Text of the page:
• At this time, x-rays will be taken so the dentist can see the condition of the tooth below the gums and the position of the tooth in order to determine if they feel comfortable performing the extraction or if a referral to an oral surgeon is needed.
  • Once ready for the extraction, your dentist will administer a local anesthetic, like Novocain or lidocaine in order to numb the area.
    • Patients who tend to be anxious about dental work may also opt for a sedative like nitrous oxide (laughing gas).
    • If the extraction is being performed at an oral surgery office, the surgeon may recommend general anesthesia or IV sedation in addition to local anesthetic, though this level of sedation is not always necessary.
  • After the patient is sufficiently numb or sedated, the dentist may loosen the tooth with a tool called an elevator if a simple extraction is needed or make a small incision next to the tooth if a surgical extraction is needed.
    • The dentist may need to split the tooth or remove some bone if the tooth does not loosen easily.
  • Next, the dentist will remove the tooth using dental forceps.
    • If a surgical incision was made to remove the tooth, sutures may be placed to help the gum tissue heal properly.
  • Lastly the dentist will place gauze over the extraction site.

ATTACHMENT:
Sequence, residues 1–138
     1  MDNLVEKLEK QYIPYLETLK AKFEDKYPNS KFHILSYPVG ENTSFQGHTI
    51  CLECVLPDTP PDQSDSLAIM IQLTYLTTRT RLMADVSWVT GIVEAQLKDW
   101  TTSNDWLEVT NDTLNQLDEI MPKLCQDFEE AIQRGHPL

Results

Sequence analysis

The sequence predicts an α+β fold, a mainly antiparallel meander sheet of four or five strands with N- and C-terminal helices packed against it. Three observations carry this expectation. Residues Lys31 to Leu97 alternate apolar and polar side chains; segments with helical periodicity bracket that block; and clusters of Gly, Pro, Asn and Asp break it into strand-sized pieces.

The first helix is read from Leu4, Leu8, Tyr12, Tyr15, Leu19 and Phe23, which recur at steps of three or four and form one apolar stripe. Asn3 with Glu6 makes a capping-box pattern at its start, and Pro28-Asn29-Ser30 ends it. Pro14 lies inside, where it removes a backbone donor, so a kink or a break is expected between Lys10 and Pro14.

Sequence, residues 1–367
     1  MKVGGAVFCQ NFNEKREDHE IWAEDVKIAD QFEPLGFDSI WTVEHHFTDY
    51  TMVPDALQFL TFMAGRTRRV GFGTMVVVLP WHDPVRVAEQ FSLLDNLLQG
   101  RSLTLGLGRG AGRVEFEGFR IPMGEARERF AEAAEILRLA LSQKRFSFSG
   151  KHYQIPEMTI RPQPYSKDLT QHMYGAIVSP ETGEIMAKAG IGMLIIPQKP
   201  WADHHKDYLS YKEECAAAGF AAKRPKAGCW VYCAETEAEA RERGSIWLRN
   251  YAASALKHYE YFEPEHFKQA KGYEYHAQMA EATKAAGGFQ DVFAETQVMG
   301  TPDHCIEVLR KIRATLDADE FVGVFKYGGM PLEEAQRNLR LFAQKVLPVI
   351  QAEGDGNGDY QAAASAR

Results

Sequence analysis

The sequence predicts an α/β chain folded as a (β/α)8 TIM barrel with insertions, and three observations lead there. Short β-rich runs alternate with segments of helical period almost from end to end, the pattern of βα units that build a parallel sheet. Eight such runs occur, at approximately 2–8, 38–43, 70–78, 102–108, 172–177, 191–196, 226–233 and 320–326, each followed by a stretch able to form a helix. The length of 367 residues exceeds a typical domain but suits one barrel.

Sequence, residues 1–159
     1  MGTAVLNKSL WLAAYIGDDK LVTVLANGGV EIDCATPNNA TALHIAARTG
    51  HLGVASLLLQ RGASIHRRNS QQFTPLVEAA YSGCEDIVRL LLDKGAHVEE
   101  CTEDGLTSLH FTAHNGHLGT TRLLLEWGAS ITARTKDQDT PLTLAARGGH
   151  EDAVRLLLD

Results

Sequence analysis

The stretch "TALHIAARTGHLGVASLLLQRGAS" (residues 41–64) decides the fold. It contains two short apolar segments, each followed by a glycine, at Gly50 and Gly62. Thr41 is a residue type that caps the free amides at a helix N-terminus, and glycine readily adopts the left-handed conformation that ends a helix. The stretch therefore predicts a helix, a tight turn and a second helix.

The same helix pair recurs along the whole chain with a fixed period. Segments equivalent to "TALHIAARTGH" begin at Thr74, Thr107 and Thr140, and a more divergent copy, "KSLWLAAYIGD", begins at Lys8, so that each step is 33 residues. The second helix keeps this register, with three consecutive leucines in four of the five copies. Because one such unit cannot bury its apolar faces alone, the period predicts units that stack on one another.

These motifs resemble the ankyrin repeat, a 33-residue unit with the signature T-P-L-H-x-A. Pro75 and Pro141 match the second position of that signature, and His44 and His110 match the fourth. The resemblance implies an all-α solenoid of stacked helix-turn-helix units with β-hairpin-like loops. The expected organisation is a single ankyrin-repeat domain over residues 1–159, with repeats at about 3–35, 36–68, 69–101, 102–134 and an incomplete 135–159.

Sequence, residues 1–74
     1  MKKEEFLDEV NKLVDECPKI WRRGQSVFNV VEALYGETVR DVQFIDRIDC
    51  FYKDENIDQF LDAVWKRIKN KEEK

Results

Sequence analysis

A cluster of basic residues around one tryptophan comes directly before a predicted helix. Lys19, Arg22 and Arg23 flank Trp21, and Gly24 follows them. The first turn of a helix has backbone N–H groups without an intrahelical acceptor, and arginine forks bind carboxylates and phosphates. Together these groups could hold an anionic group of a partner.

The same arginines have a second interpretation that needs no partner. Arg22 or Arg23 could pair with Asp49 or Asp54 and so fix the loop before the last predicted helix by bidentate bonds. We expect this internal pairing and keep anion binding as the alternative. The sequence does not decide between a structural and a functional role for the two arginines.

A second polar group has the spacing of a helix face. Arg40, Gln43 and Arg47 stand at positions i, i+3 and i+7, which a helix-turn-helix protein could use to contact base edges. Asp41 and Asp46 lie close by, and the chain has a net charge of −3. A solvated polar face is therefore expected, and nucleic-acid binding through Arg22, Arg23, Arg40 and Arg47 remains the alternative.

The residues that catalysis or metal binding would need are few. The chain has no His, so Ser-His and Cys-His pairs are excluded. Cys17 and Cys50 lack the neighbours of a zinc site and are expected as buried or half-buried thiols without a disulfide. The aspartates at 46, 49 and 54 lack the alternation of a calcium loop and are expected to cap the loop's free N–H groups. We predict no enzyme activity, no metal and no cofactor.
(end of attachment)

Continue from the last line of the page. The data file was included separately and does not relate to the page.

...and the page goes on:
What Should I Do After an Extraction?

After an extraction, patients should follow the after-care instructions as closely as possible. These instructions should explain:

  • How long to keep the gauze on the extraction site
  • When bleeding should stop
  • Instructions on how to keep the area clean

If the site continues to bleed for longer than expected per the dentist's directions, the patient should notify their dentist/surgeon right away.

After an extraction, a normal part of the healing process includes the development of a blood clot at the extraction site. It is important that this blood clot remain at the extraction site as it serves as protection from bacteria and food particles getting into the empty tooth socket, thus preventing a secondary infection and the dreaded dry socket. More importantly, the blood clot acts as the foundation, scaffolding to help your body form new bone.

To prevent this blood clot from being dislodged, patients should avoid sucking anything for 24 hours, including: cigarettes, drinking straws, and candy. The sucking action itself can suck the blood clot right out of the tooth socket. Extraction patients should also avoid vigorously rinsing their mouths, brushing the teeth next to the extraction site, and high intensity exercise for a period of time, as all of these activities increase the risk of losing that very important blood clot. Any complications experienced after an extraction should be reported to the dentist or surgeon immediately.

Can My Dentist Perform an Extraction?

Many general dentists do perform simple extractions right in their clinics and some even perform extractions that are more complicated. However, there are instances when a dentist is likely to refer the patient to an oral surgeon, instead:

  • If the tooth is broken off to the root
  • If the dentist feels that the extraction may be too complex to be completed in the clinic
  • If the patient has complicated dental anatomy
  • If the tooth structure is so weak that there is a high risk for the tooth to break off while attempting an extraction